PwC suggests it would be relatively easy for counterfeiters to copy and place forged codes on packs of falsified drugs, and slip them into distribution channels with little chance of detection, provided they reach the point of dispensing before legitimate products bearing identical codes.

A third way?

Systech believes it has developed a third-generation technology that dovetails the consumer empowerment and robust security requirements, in its recently-launched UniSecure fingerprinting and authentication technology for brand protection.

UniSecure relies on the generation of a unique signature, derived from the tiny imperfections and variations in a printed mark, which can be stored online and authenticated using a mobile app. The concept allows authentication to be become part of any barcode or other data carrier.

UniSecure was introduced in late-2015 and while still mainly at the pilot implementation stage is starting to gain traction amongst pharmaceutical companies – who are finding value in using UniSecure as an additional layer to their serialization requirement particularly for higher-end brands – as well as food and beverage (especially the spirits sector), personal care and automotive.

There is already commercial product using the UniSecure technology out there in the market – but for now at least Systech is keeping those early-adopters confidential.

An important strategy is to use the technology not simply to authenticate, but also to connect the consumer with the product – and to do that you need to give customers an incentive.

“The biq question is how we get from where we are today with brand protection technologies to a mass adoption mindset,” Chaudhuri told Securing Industry. “That requires a paradigm shift, and some of that shift will come from allowing consumers to get something out of that process.”

“People want to know more about disease, drugs, they food they are eating – so how cool would it be if consumers can scan a barcode and get something of importance to them, such as information, drug data, a recipe for the product they are buying, or the chance to win a sweepstake?”

By doing that they can use consumer engagement and brand promotion as a driver for tapping into the undoubted power of having legions of consumers authenticating their products in the marketplace. In that scenario, the brand owner could of course choose whether or not to make the consumer aware of the verdict of that authentication.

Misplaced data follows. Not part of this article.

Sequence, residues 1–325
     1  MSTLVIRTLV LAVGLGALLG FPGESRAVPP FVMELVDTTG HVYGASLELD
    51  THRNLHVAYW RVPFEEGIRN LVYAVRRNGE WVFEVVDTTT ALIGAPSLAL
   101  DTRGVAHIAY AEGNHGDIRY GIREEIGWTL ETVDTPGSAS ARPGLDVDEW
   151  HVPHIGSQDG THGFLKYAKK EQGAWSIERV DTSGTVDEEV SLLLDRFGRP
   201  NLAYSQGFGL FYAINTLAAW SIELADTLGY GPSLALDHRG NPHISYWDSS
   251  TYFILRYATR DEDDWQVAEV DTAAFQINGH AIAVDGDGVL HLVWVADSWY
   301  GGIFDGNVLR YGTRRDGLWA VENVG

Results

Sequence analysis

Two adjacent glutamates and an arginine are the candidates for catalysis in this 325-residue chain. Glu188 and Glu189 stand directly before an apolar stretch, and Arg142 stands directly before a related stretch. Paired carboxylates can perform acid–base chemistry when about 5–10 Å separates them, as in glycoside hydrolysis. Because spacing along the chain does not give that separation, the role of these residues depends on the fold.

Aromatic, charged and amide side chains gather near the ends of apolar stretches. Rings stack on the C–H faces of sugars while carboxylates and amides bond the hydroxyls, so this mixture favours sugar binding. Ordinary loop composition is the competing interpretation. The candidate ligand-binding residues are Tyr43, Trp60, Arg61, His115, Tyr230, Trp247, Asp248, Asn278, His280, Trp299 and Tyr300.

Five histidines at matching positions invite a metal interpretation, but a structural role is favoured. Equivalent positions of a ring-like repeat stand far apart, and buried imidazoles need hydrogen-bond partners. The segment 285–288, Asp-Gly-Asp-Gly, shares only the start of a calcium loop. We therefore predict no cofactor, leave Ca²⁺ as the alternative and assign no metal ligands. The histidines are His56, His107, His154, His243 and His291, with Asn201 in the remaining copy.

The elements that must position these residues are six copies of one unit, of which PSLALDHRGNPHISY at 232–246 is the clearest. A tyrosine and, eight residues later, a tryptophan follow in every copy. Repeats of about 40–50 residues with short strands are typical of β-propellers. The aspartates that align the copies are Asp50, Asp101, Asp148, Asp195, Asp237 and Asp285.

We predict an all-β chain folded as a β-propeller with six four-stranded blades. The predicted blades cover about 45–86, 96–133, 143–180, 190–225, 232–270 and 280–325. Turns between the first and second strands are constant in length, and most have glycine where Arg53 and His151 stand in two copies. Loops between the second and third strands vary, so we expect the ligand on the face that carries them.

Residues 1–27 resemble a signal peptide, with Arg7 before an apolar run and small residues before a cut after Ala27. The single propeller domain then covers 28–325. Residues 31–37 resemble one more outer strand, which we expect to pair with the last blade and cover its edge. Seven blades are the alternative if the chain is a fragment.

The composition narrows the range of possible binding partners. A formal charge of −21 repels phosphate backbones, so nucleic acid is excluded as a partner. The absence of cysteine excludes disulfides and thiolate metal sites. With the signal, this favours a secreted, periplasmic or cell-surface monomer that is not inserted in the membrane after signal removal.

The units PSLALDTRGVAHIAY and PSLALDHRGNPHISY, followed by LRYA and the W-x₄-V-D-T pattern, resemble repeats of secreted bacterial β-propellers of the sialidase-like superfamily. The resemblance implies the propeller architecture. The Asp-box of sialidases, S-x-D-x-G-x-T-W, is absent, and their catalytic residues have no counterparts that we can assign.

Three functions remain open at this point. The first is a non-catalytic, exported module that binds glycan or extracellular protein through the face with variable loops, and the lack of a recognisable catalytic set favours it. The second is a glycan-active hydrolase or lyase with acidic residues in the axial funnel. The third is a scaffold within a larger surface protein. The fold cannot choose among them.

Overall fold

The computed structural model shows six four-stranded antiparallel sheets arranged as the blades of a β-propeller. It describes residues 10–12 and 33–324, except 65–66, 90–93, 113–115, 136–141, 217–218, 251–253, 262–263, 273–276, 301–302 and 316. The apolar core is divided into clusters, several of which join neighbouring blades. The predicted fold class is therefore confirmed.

“The serialization industry has been a big driver for that idea, and using it alongside other technologies such as intrinsic fingerprinting and allied technologies will now be able to run with this idea.”

Pre-purchase verification

One of the big drawbacks of serialization in this setting is that it makes it difficult for consumers to verify a product before purchase – because serial numbers can typically only be checked once, i.e. after purchase.

Using separate authentication technology as an additional layer of security in addition to serialization could be a workaround, but UniSecure bypasses the problem without the need to add something to the pack and production process, adding to the cost and complexity of deployment.

Of course, pre-purchase scanning isn’t really in the current mindset of consumers or retailers, so it would involve some change in behaviour, but Chaudhuri thanks that could be overcome quite easily by incentivising would-be purchasers, for example to check the status of product loyalty or warranty schemes or other promotions that might be activated on re-scanning.

Chaudhuri – who was himself affected by medicines counterfeiting more in the mid-2000s – is also firmly opposed to talking consumers out of the loop on this and relying on an inspector-driven programme.

“The more eyes we have on the problem, the better,” he said.